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Railroad Workers Agree To Postpone Strike A Week

Mon., Oct. 20, 1997

Amtrak management and railroad workers agreed Sunday to a cooling-off period of at least a week, averting a possible strike Wednesday that could have disrupted heavily traveled commuter operations up and down the East Coast.

Rodney Slater, the secretary of Transportation, announced that both sides had agreed to continue talks over outstanding wages and working conditions. The union, the Brotherhood of Maintenance of Way Employees, has been negotiating for three years, and would have been free to strike at 12:01 a.m. Wednesday. The new deadline is one week later.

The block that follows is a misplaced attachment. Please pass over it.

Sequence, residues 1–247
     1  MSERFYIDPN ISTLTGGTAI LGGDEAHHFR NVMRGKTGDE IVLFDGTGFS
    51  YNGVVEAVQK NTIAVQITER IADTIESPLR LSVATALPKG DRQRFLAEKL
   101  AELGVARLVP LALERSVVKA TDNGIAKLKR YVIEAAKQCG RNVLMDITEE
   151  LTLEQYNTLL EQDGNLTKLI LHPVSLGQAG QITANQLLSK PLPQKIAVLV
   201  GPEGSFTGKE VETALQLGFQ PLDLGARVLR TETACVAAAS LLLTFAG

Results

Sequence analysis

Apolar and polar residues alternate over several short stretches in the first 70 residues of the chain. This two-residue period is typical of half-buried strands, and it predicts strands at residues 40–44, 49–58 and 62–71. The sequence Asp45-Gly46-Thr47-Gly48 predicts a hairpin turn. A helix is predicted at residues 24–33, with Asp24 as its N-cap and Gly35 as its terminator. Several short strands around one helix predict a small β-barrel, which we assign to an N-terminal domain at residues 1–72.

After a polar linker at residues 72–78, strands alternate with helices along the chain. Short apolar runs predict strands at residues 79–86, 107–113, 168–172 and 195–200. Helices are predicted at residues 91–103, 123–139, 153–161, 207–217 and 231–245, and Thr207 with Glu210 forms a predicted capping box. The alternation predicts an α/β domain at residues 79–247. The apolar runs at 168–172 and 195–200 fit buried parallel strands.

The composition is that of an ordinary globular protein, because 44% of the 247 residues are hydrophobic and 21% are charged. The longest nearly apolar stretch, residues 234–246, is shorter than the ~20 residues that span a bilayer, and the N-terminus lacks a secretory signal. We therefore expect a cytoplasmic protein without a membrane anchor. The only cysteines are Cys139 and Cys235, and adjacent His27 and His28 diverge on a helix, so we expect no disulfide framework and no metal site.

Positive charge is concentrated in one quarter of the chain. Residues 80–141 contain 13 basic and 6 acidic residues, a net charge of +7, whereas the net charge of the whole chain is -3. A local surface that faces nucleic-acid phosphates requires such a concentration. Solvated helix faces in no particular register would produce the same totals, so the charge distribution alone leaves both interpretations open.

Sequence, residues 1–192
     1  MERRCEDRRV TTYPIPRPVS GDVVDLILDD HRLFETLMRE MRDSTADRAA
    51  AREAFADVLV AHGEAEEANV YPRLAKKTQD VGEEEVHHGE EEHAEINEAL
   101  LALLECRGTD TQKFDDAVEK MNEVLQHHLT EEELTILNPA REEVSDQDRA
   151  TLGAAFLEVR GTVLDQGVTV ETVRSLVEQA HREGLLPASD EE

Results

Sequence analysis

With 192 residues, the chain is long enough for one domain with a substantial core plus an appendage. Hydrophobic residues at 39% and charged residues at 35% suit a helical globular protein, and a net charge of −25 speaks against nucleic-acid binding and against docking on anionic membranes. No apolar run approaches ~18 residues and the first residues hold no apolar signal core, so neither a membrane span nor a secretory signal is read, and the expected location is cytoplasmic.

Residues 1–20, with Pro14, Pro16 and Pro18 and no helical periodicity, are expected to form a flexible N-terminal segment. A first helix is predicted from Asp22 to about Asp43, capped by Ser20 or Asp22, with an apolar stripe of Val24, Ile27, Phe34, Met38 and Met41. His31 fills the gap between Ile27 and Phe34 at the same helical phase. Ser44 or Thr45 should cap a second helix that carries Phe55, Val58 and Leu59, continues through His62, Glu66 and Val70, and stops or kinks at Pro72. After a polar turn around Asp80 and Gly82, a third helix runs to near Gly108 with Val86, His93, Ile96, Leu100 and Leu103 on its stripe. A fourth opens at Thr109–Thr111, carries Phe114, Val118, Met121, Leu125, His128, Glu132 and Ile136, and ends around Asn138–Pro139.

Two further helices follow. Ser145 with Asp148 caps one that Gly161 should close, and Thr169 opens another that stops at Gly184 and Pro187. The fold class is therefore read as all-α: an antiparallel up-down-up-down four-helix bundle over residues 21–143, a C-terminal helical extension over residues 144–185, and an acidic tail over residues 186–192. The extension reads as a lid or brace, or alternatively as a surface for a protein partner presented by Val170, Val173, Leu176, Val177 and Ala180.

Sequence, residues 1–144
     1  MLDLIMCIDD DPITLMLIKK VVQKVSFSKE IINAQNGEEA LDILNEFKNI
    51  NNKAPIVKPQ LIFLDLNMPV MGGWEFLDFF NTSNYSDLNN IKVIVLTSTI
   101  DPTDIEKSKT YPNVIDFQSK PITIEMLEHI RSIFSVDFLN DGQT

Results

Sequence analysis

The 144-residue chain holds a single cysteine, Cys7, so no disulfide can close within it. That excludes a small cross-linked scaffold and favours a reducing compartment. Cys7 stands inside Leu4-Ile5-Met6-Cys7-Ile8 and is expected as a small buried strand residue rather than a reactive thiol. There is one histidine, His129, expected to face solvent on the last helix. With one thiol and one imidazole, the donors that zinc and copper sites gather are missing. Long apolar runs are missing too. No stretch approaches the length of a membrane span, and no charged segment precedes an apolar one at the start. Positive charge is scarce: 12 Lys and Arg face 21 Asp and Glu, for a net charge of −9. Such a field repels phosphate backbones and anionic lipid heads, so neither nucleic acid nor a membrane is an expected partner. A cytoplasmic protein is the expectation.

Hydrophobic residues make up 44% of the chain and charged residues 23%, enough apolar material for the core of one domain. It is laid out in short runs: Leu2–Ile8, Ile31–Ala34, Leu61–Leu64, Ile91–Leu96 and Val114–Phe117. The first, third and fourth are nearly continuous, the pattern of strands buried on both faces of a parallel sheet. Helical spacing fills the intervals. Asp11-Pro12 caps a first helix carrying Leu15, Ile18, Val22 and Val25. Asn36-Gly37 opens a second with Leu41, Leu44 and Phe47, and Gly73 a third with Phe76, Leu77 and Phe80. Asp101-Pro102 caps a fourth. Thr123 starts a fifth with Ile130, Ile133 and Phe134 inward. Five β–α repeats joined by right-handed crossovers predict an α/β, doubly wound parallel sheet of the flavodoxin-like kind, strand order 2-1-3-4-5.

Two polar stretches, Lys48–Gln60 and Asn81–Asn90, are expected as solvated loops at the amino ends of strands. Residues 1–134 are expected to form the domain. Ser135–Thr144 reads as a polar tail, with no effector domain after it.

Beyond Amtrak passengers, the postponement of a possible strike was at least a temporary relief to travelers on commuter lines that use Amtrak-owned tracks and stations, including the Long Island Rail Road and Metro North in New York and the New Jersey Transit. Commuter lines in Boston, Chicago, Philadelphia and Washington also could be disrupted by a strike.

Slater requested the delay in a letter that was delivered late Saturday to Mac Fleming, the union president, and Thomas Downs, the president of Amtrak. Federal officials said both sides agreed to resume negotiations today.

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